SELECTING a mate is the most crucial decision of our lives. We spend a huge amount of time and energy trying to find that special someone. Our appetite for a relationship fuels a billion-dollar industry of match-making services, lonely hearts ads and online dating. Yet we're often not satisfied. A survey in 2005 of more than 900 people who had been using online dating services found that three-quarters had not found what they were looking for. We seem as much in the dark as ever about who is a suitable match for us.

As a scientist studying human behaviour, I am not too surprised by the mysterious nature of how we go about choosing a partner. Mate selection is a highly complex process. We are consciously aware of only part of it; the rest is either inherently unpredictable or operates outside our awareness, which leads us to the perception that love is about ineffable chemistry.

Let's start with the conscious part. There are some things we all find attractive. Men tend to desire women with features that suggest youth and fertility, including a low waist-to-hip ratio, full lips and soft facial features. Recent studies confirm that women have strong preferences for a virile male beauty - taut bodies, broad shoulders, clear skin and defined, masculine facial features, all of which may indicate sexual potency and good genes. We also know that women are attracted to men who look as if they have wealth, or the ability to acquire it, and that both men and women strongly value intelligence in a mate. Preferences for these qualities - beauty, brains and resources - are universal. The George Clooneys and Angelina Jolies of the world are sex symbols for predictable biological reasons.

Of course, we don't all fall in love with super-mates like these. An average person who did would be headed nowhere, because super-mates are inaccessible to all but a few. This is likely part of the reason why love evolved: to bond us for cooperative child rearing, but also to assist us in choosing, so that we don't waste time and energy falling for someone who is unattainable. Instead, people tend to fall for others who, on attractiveness, intelligence and status, are of a similar "ranking" to themselves.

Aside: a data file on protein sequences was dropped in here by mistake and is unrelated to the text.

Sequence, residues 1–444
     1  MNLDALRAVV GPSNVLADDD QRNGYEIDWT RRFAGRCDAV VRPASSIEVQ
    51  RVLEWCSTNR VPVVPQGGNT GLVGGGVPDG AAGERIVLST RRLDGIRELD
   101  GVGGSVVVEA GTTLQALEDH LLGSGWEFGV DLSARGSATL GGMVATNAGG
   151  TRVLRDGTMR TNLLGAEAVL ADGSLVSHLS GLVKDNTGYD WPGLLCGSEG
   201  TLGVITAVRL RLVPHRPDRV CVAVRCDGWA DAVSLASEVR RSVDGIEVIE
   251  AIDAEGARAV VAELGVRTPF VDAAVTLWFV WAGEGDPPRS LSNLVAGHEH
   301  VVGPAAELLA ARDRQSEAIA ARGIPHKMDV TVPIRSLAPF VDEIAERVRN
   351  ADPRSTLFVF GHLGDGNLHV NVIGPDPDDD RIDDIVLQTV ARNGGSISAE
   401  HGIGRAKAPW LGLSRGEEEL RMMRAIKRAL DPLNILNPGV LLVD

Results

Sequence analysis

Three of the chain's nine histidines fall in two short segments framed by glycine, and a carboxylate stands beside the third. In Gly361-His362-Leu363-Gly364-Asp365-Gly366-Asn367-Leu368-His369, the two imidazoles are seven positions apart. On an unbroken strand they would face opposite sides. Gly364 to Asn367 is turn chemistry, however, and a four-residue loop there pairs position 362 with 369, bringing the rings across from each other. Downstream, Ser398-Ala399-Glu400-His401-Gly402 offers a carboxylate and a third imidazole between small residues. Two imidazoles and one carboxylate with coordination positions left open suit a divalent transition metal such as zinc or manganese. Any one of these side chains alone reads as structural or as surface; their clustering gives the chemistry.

So much for outward appearances. What about the less obvious cues of attraction? Fascinating work on genetics and mate preferences has shown that each of us will be attracted to people who possess a particular set of genes, known as the major histocompatibility complex (MHC), which play a critical role in our ability to fight pathogens. Mates with dissimilar MHC genes produce healthier offspring with broad immune systems. And the evidence shows that we are inclined to choose people who suit us in this way: couples tend to be less similar in their MHC than if they had been paired randomly.

How do people who differ in their MHC find each other? This isn't fully understood, but we know that smell is an important cue. People appear to literally sniff out their mates. In studies, people tend to rate the scent of T-shirts worn by others with dissimilar MHC as most attractive. This is what sexual "chemistry" is all about.

The message here is trust your instincts - except that there is an alarming exception. For women taking hormonal contraceptives, the reverse is true: they prefer men whose MHC genes are similar to their own. Thus women on the pill risk choosing a mate who is not genetically suitable (best to smell him first and go on the pill afterwards). This is a prime example of how chemical attraction can depend on your circumstances.

Here's another example: attraction can fluctuate over the menstrual cycle. Men evaluate women's scents as more attractive when they are near ovulation, and in our studies at UCLA we have found that men are more loving towards their partners as ovulation approaches. Women's preferences for certain male scents and other male features change over their cycle. Near ovulation, they prefer masculine traits; at other phases of their cycle they prefer less sexiness and more stability. All this suggests that the path to love can be somewhat random, particularly for women.

Having sex can also complicate the way you perceive a potential partner. After sex, the brain releases oxytocin, which results in that warm, companionable feeling of love and the creation of the social bonds that facilitate cooperative child rearing. Watch out: sex on a whim can lead to feelings of love for a person who is entirely wrong for you.